Beekeepers on high alert after disease breakout
BEEKEEPERS are on high alert after two cases of American foulbrood disease have been confirmed in Mackay and Moranbah.
Honey producer Joanne Knobel from Knobel Honey in Clermont has not been affected but was devastated to hear about the disease being so close.
"Why it is devastating because if it is found, you will have to kill the bees,” she said.
"And then you have to burn all your equipment.
"So if we get it, it will destroy our business.
"I can't bare the thought of having to kill the bees and I feel sorry for that other (affected) bee keeper.
"The quicker it gets controlled, the better.”
She said bee keeping was already tough in the area, with drought making a food production business hard to sustain.
The business had sold out of honey because there was not enough food for the bees.
Vice President of the Central Queensland Beekeepers Association Paul Marsh, who identified the first case of the disease in Mackay, said, now was the time for every bee keeper, hobby or commercial, to check their hives in order to stop the disease from spreading.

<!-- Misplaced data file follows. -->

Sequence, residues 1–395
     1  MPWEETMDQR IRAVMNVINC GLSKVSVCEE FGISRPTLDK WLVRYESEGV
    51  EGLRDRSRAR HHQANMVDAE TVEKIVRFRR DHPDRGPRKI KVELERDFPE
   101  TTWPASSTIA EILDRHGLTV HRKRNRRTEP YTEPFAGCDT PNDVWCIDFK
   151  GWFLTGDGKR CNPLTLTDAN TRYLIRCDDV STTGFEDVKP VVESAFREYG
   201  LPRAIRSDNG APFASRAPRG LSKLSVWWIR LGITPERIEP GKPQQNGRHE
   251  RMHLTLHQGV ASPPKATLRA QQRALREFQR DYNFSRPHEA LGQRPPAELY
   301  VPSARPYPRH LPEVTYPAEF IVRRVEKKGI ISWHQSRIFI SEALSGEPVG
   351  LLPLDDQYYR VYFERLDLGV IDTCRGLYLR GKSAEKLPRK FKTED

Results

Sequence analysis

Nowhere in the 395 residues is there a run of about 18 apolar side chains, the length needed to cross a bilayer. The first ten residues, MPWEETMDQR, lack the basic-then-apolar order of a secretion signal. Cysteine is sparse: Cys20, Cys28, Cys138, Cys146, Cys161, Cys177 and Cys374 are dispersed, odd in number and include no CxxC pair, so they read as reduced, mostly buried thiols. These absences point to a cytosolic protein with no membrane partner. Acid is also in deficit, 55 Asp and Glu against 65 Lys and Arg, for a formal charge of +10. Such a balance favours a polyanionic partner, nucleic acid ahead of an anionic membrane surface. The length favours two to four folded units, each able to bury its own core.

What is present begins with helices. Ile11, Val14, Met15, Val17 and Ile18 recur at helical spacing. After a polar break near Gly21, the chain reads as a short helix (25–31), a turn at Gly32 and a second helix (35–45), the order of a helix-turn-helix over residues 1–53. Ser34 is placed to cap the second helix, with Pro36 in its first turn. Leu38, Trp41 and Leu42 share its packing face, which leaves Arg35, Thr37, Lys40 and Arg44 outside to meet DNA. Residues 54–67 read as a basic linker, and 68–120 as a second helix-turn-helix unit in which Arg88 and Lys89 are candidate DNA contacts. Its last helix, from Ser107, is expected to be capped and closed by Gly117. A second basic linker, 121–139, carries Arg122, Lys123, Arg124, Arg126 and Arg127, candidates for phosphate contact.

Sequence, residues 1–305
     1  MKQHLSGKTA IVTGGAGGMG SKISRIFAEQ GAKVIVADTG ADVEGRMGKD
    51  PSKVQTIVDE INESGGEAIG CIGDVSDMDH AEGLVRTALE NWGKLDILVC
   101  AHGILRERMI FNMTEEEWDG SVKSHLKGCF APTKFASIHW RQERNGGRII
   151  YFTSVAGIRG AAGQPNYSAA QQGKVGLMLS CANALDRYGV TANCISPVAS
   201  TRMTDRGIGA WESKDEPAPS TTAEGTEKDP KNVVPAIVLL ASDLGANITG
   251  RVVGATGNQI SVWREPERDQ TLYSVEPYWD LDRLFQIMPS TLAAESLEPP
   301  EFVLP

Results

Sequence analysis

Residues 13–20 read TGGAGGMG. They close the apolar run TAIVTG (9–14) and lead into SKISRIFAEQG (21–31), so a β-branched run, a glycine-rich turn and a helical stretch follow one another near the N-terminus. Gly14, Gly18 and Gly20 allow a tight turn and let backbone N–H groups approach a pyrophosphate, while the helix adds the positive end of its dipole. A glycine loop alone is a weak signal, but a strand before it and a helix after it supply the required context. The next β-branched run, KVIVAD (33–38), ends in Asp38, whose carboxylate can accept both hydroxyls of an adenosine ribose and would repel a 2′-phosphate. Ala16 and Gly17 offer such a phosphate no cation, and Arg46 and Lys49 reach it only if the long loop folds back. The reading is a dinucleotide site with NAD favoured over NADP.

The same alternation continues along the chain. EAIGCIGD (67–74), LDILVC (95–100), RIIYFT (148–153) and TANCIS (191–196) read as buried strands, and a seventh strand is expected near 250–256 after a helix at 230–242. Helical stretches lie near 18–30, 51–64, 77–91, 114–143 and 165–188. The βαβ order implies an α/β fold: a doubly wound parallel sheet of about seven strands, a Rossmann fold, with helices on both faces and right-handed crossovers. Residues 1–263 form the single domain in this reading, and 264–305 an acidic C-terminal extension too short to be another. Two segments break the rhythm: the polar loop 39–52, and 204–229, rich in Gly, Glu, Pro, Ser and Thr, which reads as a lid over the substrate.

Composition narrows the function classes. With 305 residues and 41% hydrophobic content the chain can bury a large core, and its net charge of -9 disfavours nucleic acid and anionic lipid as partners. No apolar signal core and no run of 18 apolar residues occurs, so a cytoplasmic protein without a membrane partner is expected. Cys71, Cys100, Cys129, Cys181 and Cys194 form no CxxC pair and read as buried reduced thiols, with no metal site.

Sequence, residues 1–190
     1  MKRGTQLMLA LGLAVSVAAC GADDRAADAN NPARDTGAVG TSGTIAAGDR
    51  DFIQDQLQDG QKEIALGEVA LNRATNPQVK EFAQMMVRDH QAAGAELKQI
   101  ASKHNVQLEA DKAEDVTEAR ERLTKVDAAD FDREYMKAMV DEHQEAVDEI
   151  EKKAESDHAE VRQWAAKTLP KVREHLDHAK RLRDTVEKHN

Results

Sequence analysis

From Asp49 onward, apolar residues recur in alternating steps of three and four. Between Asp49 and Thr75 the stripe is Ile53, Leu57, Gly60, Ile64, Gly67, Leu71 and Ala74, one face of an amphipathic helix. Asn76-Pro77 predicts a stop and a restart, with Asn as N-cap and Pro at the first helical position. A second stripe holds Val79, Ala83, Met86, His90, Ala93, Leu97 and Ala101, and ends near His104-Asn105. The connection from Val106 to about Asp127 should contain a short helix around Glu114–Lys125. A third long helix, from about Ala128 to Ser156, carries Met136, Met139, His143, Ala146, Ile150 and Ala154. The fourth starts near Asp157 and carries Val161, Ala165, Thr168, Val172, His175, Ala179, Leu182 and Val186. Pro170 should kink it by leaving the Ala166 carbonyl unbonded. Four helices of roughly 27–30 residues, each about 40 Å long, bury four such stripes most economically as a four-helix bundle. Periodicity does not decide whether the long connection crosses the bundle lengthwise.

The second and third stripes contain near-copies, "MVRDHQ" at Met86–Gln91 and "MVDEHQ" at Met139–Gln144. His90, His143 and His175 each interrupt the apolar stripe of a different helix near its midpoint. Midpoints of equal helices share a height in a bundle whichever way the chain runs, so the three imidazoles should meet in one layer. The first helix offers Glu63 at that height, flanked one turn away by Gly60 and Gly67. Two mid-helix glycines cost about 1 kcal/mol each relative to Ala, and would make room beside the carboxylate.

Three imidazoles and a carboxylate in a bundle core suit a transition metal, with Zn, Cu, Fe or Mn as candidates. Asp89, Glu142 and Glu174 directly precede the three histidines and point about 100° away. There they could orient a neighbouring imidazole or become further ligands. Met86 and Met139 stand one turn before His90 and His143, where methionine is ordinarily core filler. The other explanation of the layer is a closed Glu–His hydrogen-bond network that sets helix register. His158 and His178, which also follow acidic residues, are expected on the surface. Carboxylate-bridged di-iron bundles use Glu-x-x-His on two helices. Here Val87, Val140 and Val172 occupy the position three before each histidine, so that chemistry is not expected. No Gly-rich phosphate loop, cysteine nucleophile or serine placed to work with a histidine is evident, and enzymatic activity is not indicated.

Mr Marsh explained the disease can be identified by inspecting the bee larvae. They should be white in colour, if not, it is an indication that something is wrong.
"If you put a matchstick in a larvae, it will rope out and if it does that you have AFB,” he said.
He said the disease was common in South East Queensland and there had been cases in Townsville, but this was the first case in the Central Queensland region since he witnessed. The disease spreads through honey, when bees take honey from an infected bee hive they take the spores back to their own.
It is also possible to spread by selling equipment, like bee keeping boxes.
American foulbrood is a bacterial disease of bees that affects brood caused by Paenibacillus larvae. It is considered to be endemic in Queensland. Reporting cases of American foulbrood to the Department of Agriculture and Fisheries (DAF) is a requirement under the Biosecurity Act 2014.
A Biosecurity Queensland spokesperson said an apiarist in Central Queensland contacted the Biosecurity service centre to report that two hives were potentially infected with the disease and that the two hives had been burnt.